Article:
Every 20 seconds, a mother mourns a dead child lost to diarrhoea – a completely preventable and utterly inexcusable cause of death. Investing in improved sanitation and hygiene not only saves lives and restores dignity – it helps eradicate poverty and hunger, promotes universal primary education, builds gender equality, improves maternal health and ensures environmental sustainability. Rivers, lakes, groundwater and coastal areas polluted form untreated waste result in unsafe drinking water and damaged ecosystems. But the problems can be solved. The 2008 World Water Week in Stockhome,Sweden will place special focus on sanitation, including special attention on water Sanitation.
Water and Sanitation in Asia
With two-thirds of the world’s population and half of them – close to two billion people – living without sustainable access to safe water and improved sanitation, the scale of sanitation and water issues in Asia is mind numbing. Events during the week, including Asia Water Day on Tuesday, Aug19 will focus on the region’s colossal water challenges and discuss the solutions that will shape the future of the world’s largest continent.
Water security is the fundamental entry point for a nation’s development. More often than not, countries share the water bodies upon which they depend and must negotiate how benefits are divided amoung riparian nations. Generating and sharing benefits requires more than good will and political cooperation – huge investments involving considerable risk and social and environmental costs are often needed. A number of events will explore key areas of regional transboundary water management.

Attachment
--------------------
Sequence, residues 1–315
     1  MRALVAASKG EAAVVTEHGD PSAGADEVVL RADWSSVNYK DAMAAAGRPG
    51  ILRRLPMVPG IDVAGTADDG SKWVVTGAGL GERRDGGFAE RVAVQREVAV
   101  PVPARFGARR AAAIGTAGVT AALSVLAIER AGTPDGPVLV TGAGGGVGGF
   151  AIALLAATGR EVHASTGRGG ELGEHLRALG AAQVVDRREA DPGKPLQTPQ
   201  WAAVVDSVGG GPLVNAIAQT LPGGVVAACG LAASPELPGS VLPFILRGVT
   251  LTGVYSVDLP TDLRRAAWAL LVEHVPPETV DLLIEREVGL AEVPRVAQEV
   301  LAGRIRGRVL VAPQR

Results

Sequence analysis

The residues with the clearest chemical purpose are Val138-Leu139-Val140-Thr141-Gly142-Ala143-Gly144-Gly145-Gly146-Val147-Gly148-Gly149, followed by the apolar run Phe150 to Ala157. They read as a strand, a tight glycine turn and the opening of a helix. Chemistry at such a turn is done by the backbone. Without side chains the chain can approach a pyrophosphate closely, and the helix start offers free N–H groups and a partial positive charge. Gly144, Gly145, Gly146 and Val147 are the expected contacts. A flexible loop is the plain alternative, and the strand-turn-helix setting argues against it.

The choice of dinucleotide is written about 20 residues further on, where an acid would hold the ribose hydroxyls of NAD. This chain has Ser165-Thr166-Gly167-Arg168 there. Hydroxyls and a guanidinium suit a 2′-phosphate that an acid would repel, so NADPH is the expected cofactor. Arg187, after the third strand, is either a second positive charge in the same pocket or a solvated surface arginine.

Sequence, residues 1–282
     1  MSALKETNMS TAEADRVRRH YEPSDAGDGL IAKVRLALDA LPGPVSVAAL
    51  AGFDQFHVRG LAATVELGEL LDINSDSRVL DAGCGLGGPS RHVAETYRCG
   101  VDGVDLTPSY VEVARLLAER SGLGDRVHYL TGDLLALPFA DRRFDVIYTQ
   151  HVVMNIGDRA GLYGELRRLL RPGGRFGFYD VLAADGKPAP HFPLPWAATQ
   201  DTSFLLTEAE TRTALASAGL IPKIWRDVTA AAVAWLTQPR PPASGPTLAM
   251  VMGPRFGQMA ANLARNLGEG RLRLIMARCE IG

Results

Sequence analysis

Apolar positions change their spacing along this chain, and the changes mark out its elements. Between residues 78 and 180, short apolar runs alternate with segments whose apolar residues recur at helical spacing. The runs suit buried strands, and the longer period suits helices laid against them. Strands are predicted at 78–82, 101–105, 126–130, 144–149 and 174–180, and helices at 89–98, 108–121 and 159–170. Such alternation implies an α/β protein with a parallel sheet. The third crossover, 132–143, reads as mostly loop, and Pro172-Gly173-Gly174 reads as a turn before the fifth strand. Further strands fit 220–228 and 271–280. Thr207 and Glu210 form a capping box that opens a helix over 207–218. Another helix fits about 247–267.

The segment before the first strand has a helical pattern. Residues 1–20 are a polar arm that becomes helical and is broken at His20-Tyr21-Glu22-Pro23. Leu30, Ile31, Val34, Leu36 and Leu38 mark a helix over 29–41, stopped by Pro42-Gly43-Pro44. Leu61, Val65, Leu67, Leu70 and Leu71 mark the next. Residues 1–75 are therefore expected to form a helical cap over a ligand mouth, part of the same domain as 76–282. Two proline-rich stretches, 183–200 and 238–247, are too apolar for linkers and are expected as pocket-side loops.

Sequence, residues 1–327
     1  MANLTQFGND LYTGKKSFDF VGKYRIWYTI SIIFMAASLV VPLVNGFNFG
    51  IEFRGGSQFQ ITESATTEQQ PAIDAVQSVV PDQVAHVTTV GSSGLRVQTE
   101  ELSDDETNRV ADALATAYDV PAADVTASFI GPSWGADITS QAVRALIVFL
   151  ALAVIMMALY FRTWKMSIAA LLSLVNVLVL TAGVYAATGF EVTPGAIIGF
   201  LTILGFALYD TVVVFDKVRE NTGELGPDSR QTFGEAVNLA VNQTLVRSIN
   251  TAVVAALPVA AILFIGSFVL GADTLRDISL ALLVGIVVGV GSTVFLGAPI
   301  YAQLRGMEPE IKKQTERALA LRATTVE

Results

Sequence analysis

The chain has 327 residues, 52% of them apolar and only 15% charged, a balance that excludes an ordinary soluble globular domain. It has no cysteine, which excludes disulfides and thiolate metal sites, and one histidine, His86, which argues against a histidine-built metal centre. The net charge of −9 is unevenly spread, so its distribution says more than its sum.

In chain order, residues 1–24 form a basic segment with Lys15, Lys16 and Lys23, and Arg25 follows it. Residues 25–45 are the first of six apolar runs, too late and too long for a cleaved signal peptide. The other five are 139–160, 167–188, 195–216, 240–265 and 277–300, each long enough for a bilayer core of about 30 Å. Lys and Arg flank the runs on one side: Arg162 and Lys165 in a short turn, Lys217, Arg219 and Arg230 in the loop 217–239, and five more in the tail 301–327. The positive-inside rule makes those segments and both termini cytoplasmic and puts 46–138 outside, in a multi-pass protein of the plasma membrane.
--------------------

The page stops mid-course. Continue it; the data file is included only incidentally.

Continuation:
Climate and Water
Changes in water availability are what hit us first with an altered climate. Among the effects: too much or too little water; water at the wrong time or in the wrong place; rising sea levels; and floods in certain regions but drought in others. Adaptation is paramount and a matter of sheer survival for billions of people. The World Water Week has on an ongoing basis addressed the multiple relations between climate change and water. It will do so even more this August with world-leading experts taking part in a full slate of sessions.
Sunday, August 17, 2008
Posted by Meenu Khare at 4:56 PM